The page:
What is it?
Juvenile Rheumatoid Arthritis (JRA), also sometimes called Juvenile Idiopathic Arthritis (JIA) or Juvenile Chronic Arthritis (JCC), affects about 1 in 1000 children in the UK. It is a chronic condition that causes joint inflammation, pain, swelling, redness, and stiffness. It may also affect the eyes and internal organs. About one-fifth of those with JRA have an enlarged spleen.
There are three main types of Juvenile Rheumatoid Arthritis:
Pauciarticular or Oligoarticular – about 50%. It affects four or less joints and is most common in girls less than 8 years old.
Polyarticular – about 30%. It affects five or more joints, especially in the hands and feet but also other larger joints.
Systemic – about 20%. It affects both joints and internal organs. Children with this type may have frequent fevers and rashes that can come and go rapidly. Also known as Still’s disease.
Each patient’s symptoms will differ and will frequently change over time, with flare-ups and remissions. In a few children the symptoms may be persistent, in a few others they may permanently disappear.
Doctors consider the diagnosis of JRA in patients who have had symptoms for at least 6 weeks. These symptoms may include morning stiffness, limping, reluctance to move an affected joint, joint pain and swelling. Patients with systemic JRA may have intermittent fever, rash, swollen lymph nodes, and in some cases liver, spleen, and (very rarely) lung involvement.
Complications of JRA may include eye inflammation and problems related to joint growth. The disease may cause the affected joints to grow either too quickly or too slowly, causing one arm or leg to be shorter or longer than the other. It may also cause uneven growth in the joint itself. General growth may also be affected by JRA.
The goals with testing are to help diagnose juvenile rheumatoid arthritis, to distinguish it from other forms of arthritis and conditions with similar symptoms, and to evaluate its severity. Testing can be used to monitor the condition, its potential complications, response to treatment, and to monitor for potential side effects associated with some treatments.
- Full blood count (FBC) – to check for anaemia and to check for a normal response to infections
- Erythrocyte sedimentation rate (ESR) or C-reactive protein (CRP) – to detect inflammation
- Antinuclear antibody (ANA) – to detect the presence of autoantibodies; about 80% of those with eye involvement will test positive for ANA
- Rheumatoid factor (RF) – may be positive (present) or negative (absent) depending on the type of JRA
- Urea and Electrolytes – to assess the patient’s kidney function
- Liver function tests – to assess the liver function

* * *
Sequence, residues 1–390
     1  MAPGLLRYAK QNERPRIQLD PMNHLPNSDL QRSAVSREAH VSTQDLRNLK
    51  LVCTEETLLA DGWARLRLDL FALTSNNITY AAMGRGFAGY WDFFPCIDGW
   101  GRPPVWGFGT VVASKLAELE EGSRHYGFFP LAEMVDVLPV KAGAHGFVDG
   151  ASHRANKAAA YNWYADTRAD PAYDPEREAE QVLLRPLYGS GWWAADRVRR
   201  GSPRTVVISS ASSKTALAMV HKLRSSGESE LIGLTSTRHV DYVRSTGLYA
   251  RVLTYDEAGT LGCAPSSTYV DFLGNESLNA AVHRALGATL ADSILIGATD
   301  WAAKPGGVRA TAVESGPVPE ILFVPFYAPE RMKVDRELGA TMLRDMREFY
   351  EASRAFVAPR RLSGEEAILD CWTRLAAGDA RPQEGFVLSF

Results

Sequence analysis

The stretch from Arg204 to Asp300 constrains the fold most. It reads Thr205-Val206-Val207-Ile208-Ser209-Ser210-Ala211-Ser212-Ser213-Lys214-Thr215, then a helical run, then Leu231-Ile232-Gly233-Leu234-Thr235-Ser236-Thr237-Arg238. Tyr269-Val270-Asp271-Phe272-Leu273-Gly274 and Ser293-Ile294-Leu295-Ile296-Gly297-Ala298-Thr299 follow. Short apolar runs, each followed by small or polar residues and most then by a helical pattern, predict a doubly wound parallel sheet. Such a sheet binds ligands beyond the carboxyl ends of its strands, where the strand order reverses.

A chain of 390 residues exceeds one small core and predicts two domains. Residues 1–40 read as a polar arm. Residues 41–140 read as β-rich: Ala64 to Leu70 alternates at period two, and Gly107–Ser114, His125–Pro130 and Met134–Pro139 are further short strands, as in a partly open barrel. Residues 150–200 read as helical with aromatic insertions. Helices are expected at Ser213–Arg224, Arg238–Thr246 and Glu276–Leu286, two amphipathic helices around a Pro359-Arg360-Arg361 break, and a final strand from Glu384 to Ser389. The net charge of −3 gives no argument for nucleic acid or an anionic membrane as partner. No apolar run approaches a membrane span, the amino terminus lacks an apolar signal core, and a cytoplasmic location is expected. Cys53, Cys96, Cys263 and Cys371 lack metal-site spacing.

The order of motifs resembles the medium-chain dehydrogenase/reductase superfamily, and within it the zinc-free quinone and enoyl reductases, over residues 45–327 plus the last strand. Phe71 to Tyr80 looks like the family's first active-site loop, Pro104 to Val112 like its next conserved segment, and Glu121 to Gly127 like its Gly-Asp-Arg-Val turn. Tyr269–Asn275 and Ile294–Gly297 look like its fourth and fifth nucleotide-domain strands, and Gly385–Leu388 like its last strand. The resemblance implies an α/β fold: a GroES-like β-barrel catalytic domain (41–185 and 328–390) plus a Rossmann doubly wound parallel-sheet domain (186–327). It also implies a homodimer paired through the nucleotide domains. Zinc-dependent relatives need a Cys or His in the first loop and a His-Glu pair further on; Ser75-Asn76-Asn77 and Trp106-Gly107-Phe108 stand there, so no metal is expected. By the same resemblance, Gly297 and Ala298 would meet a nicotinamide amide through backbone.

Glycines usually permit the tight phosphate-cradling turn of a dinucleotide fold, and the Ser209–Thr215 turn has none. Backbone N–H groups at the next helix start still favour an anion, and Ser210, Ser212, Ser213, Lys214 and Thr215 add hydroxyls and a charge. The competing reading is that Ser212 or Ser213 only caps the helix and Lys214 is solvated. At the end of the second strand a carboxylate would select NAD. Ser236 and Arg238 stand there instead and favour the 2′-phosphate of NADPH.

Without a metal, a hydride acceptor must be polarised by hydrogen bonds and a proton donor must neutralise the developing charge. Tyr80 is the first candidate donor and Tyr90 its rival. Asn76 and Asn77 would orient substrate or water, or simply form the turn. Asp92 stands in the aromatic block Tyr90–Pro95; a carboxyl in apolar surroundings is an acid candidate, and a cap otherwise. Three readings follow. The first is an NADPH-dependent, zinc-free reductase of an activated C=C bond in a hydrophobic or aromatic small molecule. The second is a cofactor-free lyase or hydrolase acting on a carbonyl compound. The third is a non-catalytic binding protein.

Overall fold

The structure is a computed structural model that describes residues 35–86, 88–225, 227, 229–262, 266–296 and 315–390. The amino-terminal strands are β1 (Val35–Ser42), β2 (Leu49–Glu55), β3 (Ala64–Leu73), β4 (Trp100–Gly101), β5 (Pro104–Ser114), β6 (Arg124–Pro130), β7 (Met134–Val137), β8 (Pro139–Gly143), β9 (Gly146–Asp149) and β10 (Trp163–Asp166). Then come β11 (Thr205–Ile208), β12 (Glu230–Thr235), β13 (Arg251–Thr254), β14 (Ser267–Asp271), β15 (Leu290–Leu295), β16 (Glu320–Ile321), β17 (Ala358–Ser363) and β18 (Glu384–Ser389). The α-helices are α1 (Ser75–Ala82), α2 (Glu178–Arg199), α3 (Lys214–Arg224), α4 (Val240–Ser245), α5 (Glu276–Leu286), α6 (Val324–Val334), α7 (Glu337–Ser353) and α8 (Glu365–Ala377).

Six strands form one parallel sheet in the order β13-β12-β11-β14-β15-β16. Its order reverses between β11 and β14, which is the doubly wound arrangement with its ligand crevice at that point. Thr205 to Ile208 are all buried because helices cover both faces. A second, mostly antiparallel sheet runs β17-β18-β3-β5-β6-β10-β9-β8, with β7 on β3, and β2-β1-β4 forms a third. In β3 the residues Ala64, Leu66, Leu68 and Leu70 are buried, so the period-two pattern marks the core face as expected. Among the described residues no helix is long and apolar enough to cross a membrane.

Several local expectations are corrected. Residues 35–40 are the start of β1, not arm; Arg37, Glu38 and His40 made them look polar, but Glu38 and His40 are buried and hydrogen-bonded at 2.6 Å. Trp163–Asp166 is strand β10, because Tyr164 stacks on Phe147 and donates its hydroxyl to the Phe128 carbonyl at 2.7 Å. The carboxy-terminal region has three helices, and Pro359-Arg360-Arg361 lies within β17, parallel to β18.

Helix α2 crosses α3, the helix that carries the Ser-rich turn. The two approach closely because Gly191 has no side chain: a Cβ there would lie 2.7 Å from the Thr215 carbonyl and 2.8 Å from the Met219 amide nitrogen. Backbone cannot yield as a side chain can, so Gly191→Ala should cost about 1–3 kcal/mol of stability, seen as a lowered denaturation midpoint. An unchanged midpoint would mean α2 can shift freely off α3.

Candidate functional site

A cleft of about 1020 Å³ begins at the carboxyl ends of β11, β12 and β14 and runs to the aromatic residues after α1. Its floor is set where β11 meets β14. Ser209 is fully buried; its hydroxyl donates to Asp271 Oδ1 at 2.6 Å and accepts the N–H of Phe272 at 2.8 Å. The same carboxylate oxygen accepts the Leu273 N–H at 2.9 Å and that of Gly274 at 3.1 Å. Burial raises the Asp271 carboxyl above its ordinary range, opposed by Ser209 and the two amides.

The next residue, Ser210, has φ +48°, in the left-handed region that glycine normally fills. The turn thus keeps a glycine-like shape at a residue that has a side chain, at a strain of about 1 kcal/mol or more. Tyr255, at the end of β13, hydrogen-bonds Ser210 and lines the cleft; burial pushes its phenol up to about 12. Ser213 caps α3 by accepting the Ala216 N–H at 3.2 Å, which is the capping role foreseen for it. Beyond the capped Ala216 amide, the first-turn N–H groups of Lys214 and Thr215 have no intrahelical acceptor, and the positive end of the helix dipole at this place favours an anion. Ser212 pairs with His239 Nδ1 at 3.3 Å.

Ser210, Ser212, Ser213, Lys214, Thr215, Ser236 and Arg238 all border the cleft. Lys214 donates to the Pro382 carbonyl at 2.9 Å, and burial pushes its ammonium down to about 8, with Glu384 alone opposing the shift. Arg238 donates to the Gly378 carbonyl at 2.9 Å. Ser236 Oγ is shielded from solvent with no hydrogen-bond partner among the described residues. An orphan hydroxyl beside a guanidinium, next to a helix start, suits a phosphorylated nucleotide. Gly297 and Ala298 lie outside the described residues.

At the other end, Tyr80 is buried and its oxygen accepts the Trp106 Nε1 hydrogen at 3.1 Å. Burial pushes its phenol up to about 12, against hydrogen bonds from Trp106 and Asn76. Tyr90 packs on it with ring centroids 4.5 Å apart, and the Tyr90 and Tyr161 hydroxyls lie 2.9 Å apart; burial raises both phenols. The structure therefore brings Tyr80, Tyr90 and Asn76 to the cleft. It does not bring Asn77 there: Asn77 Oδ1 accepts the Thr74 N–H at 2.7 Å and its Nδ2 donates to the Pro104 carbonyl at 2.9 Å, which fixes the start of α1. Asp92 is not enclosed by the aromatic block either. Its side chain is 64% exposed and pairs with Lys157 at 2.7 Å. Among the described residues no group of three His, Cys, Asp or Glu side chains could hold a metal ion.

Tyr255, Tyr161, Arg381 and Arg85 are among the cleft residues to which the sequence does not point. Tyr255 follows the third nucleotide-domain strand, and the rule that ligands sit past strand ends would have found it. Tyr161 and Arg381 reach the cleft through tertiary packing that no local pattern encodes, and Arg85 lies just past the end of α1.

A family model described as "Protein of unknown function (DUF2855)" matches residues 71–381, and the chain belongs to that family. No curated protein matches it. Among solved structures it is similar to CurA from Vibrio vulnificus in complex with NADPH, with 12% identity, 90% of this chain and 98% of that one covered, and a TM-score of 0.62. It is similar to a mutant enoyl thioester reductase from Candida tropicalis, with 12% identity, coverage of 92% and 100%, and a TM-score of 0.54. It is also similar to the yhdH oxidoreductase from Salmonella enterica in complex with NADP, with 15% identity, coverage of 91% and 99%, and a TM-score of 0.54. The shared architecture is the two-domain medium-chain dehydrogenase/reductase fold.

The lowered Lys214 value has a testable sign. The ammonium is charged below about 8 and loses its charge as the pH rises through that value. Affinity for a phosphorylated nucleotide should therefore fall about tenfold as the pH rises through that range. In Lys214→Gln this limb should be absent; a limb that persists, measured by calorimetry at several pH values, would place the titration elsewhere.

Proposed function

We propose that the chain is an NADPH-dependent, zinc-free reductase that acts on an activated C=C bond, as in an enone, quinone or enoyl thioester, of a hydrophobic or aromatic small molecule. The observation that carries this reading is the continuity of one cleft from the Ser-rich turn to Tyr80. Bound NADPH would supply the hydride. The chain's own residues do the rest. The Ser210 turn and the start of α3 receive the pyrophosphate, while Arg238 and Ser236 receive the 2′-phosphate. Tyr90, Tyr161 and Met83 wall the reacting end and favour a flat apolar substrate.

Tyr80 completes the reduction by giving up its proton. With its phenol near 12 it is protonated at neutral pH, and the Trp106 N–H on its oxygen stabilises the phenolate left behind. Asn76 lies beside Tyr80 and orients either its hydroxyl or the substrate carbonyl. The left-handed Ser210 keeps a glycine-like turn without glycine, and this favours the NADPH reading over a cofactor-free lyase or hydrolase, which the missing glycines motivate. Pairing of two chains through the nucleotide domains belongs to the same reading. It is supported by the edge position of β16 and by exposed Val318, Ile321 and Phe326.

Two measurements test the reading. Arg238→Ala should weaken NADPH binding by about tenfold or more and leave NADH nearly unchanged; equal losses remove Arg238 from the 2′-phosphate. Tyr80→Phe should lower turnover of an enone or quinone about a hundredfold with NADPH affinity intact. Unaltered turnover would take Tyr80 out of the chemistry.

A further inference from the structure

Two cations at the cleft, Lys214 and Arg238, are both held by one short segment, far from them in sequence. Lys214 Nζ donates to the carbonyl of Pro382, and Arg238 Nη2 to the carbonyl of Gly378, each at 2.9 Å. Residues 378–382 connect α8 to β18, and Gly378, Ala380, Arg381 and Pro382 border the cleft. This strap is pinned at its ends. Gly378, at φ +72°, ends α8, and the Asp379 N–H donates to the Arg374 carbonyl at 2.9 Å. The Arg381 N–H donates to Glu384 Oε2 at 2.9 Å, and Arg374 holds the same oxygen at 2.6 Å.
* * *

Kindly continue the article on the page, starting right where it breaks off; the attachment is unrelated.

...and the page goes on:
- Histocompatibility antigens (HLA) – may show the presence of antigens specific to autoimmune diseases
- Synovial fluid analysis – Fluid from an affected joint may be examined to detect crystals and to look for signs of joint infection
Other tests of diagnostic use include joint and chest X-rays to identify the presence of joint inflammation or fluid build-up around the heart or lungs, and ECG to detect inflammation of the heart.
- X-rays of the joints and chest, to identify the presence of joint inflammation or fluid build-up around the heart or lungs
- Eye exam to detect the development of eye inflammation
- ECG, to detect inflammation of the heart
There is no cure for juvenile rheumatoid arthritis. The goals with treatment are to decrease pain and inflammation, maintain mobility and joint function, and to minimize joint damage and complications. Treatment will vary from patient to patient and frequently varies over time.
Medications may include pain relievers, disease-modifying antirheumatic drugs (DMARDs), immunosuppressants, steroids and biologic agents.
Physiotherapy and regular exercise are very important. They can help maintain flexibility, range-of-motion, muscle strength and joint mobility. Splints may be used in some cases to help keep a joint in the proper position. Hot and/or cold treatments may help relieve morning stiffness.
Some changes may need to be made at school and at home for a child with JRA but in most cases they can lead and should be encouraged to lead relatively normal lives.
Laboratory tests that can aid in the diagnosis of JRA and in ruling out other disorders, are:
The cause of JRA is unknown, but it is thought to be an autoimmune disorder. The tendency to develop it may be inherited but it is believed that a triggering event is required for it to emerge. It usually begins between the ages of 2 and 5 years or between 9 and 12 years. More girls than boys develop JRA.